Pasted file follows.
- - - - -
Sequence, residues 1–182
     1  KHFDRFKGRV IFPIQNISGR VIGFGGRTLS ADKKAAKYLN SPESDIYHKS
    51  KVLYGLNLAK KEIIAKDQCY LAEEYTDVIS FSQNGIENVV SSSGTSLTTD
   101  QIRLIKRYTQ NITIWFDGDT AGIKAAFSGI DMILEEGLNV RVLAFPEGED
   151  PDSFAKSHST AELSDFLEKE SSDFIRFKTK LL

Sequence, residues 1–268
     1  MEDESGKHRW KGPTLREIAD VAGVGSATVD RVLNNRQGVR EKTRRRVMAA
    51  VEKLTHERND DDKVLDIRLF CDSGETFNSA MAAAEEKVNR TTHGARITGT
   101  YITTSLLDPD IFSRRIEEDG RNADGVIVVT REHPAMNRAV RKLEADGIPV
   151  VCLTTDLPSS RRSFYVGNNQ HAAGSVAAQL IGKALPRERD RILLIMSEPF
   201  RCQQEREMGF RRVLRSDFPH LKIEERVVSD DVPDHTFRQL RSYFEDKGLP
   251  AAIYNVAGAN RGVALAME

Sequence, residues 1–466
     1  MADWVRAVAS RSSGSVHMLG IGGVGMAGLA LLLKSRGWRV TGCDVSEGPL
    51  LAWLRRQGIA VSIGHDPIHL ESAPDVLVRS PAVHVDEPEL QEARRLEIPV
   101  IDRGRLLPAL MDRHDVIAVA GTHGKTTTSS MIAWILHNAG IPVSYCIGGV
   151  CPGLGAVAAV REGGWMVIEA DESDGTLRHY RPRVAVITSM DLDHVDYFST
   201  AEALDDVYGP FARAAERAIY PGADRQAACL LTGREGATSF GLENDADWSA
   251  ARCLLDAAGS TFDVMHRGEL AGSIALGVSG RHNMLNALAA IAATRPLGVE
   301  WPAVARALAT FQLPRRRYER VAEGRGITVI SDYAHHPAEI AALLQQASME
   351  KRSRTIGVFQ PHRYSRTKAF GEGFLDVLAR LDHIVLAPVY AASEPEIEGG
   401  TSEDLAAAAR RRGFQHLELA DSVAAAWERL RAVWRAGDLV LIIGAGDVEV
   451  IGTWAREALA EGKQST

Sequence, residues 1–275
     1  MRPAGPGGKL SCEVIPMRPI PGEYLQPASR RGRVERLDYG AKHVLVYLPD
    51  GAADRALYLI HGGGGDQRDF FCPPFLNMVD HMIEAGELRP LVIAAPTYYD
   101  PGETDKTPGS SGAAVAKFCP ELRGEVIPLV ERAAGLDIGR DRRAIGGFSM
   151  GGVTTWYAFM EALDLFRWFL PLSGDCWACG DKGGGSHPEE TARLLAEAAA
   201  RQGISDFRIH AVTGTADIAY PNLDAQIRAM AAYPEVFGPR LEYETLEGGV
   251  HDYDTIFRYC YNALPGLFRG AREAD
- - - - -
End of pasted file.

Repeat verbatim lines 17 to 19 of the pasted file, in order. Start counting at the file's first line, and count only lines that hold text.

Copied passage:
   151  CPGLGAVAAV REGGWMVIEA DESDGTLRHY RPRVAVITSM DLDHVDYFST
   201  AEALDDVYGP FARAAERAIY PGADRQAACL LTGREGATSF GLENDADWSA
   251  ARCLLDAAGS TFDVMHRGEL AGSIALGVSG RHNMLNALAA IAATRPLGVE